A Template Letter to ask Police to use Bodycams at all times. Send it wide!

Dear Police Department,
I am writing to let you know that I strongly support the use of bodycam and dashcam footage for all law enforcement officers. This is for your benefit and the benefit of the community. Impartial bodycam footage can indemnify you and protect you as much as it can prove allegations against racist cops.

Please let your officers know they should be using bodycams at all times, and ensure they are provided with the resources, training, and workplace policies/culture to be able to do this.

I am also concerned about police violence and I would like it to be known that I do not support or endorse the use of unnecessary force against protesters. Violence does not de-escalate violent situations. It is being disproportionately used against persons of color and this is not acceptable. The police should be protecting people and keeping the peace, not attacking peaceful demonstrators.

Police officers should be using “sideways management” within the force to stop their colleagues from being racist, to challenge racist assumptions, and to report upward through the chain of command any incidents of racism either perpetrated against police officers of color or against the wider black/minority community.

Black lives matter.

Yours sincerely,
A concerned citizen.

DIY upcycled book caddy from a wine carrier

So I really wanted one of those gorgeous Ikea spice racks that Americans are transforming into book holders for children, but sadly, UK Ikea don’t sell the same spice racks. The ones in the US go for $6.99 and the nearest UK equivalent is £18.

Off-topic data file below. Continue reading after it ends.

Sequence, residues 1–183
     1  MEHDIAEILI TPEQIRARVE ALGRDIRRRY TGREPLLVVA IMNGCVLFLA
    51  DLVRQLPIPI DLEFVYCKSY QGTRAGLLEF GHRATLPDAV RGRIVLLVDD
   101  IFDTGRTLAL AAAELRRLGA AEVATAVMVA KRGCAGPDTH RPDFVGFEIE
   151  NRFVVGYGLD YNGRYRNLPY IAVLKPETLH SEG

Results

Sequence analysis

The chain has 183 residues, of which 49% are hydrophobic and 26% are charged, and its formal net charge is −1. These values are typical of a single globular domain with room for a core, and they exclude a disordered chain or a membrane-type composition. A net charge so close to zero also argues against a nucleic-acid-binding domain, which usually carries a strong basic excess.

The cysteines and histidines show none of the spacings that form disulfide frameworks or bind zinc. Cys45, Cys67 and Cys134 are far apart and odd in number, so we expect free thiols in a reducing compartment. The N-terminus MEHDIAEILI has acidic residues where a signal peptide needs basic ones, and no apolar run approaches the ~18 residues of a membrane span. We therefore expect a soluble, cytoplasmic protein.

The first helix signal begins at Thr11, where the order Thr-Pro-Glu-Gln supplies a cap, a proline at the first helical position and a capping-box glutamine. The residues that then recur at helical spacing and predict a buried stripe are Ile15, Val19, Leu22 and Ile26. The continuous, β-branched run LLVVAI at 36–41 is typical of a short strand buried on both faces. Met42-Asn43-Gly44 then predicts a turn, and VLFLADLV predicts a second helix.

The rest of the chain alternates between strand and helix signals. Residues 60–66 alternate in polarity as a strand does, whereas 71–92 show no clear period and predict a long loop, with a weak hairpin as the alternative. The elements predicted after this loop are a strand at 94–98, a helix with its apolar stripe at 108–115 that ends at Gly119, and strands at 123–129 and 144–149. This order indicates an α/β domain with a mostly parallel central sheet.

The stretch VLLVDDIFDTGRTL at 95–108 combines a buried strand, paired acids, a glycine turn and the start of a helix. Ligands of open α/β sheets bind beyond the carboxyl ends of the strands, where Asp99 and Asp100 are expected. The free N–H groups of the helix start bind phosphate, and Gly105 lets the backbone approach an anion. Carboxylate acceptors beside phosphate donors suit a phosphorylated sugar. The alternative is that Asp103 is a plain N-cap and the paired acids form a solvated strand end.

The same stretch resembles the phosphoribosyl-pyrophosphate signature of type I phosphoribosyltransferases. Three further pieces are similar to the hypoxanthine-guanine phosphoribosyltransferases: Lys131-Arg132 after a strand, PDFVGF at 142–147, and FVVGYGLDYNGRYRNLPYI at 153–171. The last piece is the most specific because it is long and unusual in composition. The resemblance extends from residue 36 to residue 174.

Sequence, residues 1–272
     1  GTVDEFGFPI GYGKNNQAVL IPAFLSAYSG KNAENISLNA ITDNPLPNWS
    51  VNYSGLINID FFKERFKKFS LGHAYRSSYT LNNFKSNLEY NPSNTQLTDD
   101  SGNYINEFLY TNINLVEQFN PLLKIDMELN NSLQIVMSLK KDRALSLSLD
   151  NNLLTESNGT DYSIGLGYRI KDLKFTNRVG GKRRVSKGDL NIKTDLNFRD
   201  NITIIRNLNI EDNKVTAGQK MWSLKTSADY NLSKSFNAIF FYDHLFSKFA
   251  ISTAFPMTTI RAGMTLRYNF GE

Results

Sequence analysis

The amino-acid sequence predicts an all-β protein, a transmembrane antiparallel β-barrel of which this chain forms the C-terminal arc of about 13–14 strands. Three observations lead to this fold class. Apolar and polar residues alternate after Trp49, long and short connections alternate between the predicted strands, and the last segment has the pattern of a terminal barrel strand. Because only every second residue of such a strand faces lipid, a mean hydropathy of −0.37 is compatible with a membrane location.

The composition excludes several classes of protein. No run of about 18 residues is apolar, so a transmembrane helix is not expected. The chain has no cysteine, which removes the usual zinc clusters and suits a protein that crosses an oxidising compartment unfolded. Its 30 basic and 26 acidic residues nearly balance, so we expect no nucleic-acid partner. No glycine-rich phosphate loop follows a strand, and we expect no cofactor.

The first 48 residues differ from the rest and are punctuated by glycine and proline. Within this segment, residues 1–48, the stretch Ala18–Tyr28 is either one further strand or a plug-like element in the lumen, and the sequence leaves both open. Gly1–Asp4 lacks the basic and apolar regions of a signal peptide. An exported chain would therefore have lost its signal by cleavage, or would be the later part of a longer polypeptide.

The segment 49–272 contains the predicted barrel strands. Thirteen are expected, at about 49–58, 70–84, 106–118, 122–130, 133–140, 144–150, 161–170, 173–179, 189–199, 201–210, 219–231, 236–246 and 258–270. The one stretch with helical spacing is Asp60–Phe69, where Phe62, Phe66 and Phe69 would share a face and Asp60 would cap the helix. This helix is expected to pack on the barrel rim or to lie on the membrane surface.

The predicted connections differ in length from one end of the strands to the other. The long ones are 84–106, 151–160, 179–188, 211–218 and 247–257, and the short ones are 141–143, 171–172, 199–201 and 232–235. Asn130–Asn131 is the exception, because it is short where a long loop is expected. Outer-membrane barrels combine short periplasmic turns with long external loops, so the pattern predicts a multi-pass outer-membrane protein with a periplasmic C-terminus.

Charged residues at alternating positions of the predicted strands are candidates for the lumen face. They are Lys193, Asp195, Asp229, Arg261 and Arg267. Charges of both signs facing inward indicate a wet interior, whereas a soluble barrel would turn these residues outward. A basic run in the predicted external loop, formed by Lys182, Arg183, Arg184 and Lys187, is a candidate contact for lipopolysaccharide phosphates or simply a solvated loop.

That’s a pretty huge difference, when you consider that a British £1 is worth more than $1 USD. Like, they get the same thing for about £5 that we would have to pay £18 for.

Nope.

So I bought this wooden wine carrier from Hobbycraft. It was unfinished and I measured it. It’s the perfect size for the Gruffalo but about half a centimetre too small to fit any of the Charlie and Lola books in (boo). If Hobbycraft ever make these half a centimetre bigger, I’ll get another one and paint that instead.

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I painted the ends green and the middle red, using cheap acrylic paint from The Works (£2.99 for 6 different tubes of coloured paint) and cheap brushes, also from The Works.

They deliver.

I copied the frog picture from Jellyfish’s favourite bath sponge, a frog we have dubbed Mr. Ribbit. If you’re wondering, the frog sponge is here in a 2 pack.

It took two days to do the whole thing and I feel really proud because I am not very good at painting.

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IMG_2049b

I can see the frog could have been painted better (by someone other than me, with a steadier hand and better drawing ability) but overall I’m happy with how this turned out. The first thing Jellyfish did when he saw it was try to put it in his mouth so he definitely thinks it looks like his frog sponge.

I can’t wait to put books in it!

Have you made anything this week? Let me know in the comments.

French Programmes for Kids on Netflix

So after my last post I was asked by someone how I found French programmes in Netflix for our home language immersion for Jellyfish. Here is a list of all the ones I’ve found.

You can set up a new profile and change the language settings to French instead of English for that one profile. Otherwise, you can go into “audio and subtitles” from any show and change the audio or subtitle language, but many shows are not available in French.

You can do this with other languages, too, but I’ve noticed 90% of shows on Netflix are available in Spanish, a lot are in Portuguese and Polish, and quite a few are available in Arabic and German, but very few are in French so it took a bit of trawling but I’ve saved all of these to a list. I’ve listed their English names here where I recognize them, so you know what they are, and there’s a separate, smaller list below for teens: